Tahoe-Sierra Preservation Council, Inc. v. Tahoe Regional Planning Agency - Oral Argument - January 07, 2002

Tahoe-Sierra Preservation Council, Inc. v. Tahoe Regional Planning Agency

Media for Tahoe-Sierra Preservation Council, Inc. v. Tahoe Regional Planning Agency

Audio Transcription for Opinion Announcement - April 23, 2002 in Tahoe-Sierra Preservation Council, Inc. v. Tahoe Regional Planning Agency

Audio Transcription for Oral Argument - January 07, 2002 in Tahoe-Sierra Preservation Council, Inc. v. Tahoe Regional Planning Agency

William H. Rehnquist:

submitted We'll hear argument next in Number oh oh eleven sixty-seven, Tahoe-Sierra Preservation Council versus The Tahoe Regional Planning Agenc- Mr. Berger.

[Inaudible]

Michael M. Berger:

Mr. Chief Justice, and may it please the Court.

There are three important things that should be kept in mind while we're addressing the issue this morning.

First, the Tahoe Regional Planning Agency totally prohibited a select group of individual landowners scattered around Lake Tahoe from making any use whatever of their land.

These prohibitions were never designed as the kind of planning time-out touted by TRPA and its amici.

Rather,

they were amendments...

Well, what about...

Sandra Day O'Connor:

a temporary order that says, gee, we're required by State law to develop a plan and it's going to take us a few months and, pending that, you can't develop? Now, i- does that invoke immediately some um per se taking rule?

Michael M. Berger:

It does if it's a flat prohibition of use, Your Honor,

and if there is...

Sandra Day O'Connor:

says, while we're developing this plan, which we think won't take long, you can't go ahead with your development?

Michael M. Berger:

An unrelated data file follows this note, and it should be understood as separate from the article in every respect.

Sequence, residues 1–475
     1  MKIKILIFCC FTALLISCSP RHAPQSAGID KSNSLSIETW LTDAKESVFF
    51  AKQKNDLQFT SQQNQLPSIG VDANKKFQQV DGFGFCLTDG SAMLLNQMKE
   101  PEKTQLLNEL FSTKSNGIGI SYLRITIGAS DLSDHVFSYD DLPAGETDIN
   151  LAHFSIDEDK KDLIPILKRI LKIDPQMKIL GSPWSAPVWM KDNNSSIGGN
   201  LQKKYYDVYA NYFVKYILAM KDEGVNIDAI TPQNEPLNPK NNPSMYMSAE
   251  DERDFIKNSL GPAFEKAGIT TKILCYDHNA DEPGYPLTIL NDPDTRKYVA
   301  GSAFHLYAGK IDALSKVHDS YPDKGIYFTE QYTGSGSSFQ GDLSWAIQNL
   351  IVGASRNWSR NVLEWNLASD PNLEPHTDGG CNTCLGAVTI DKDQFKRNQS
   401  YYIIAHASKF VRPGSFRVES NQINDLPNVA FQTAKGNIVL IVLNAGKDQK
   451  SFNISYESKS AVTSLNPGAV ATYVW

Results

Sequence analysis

Justice O'Connor, I do believe that if it is a total prohibition on use, and there is no use being made of the property at the time, that it's part of the public project to have this freeze on use, and it's the public that ought to be paying for that project, not the individual landowners who are frozen out.

Anthony M. Kennedy:

S- s- Suppose that and then we have to play with the facts a little bit, i- it's a hypothetical case, but that within a month from now the World Trade Center is ready to be constructed and New York says and the owner wants to rebuild highrises for office only, and the city says, wait a minute, this is so important to the whole city, we need a year to think about it, a year in addition to the usual zoning process.

Michael M. Berger:

I think if they t- if they forbid the entire use of the property and don't allow any applications for use to be made, don't allow...

the owner to do anything...

Michael M. Berger:

I- If there is some reasonable, economically viable, productive use that can be made of the property at the time, then I don't believe we have a per se taking.

Anthony M. Kennedy:

Well, I I guess my my my my question and I know you had a a more general introduction that we're interrupting, i- is is the use of a moratorium a st- a standard instrument of zoning policy, or is it very rare? I I couldn't find anything in the briefs on this.

Michael M. Berger:

It has, I believe, become much more rare these days.

Antonin Scalia:

Wh- i- wh- My impression is that that most of these mora- moratoriums, or moratoria, whatever they're called, would not would not be total.

Michael M. Berger:

That's correct, Justice...

Scalia, and I...

Michael M. Berger:

I think that's the more typical kind of moratorium, and the kind that most of the amici on the a- agency's side have been talking about.

William H. Rehnquist:

There was one Minnesota moratorium that was seemed somewhat like this that had been sustained by, I think the Minnesota appellate court.

Michael M. Berger:

There was one, Your Honor, and I would submit that that court erred.

And we believe that...

Michael M. Berger:

And we believe that that that simply is not an appropriate precedent for this Court...

to follow.

Stephen G. Breyer:

why is it I guess this is going to be your basic point.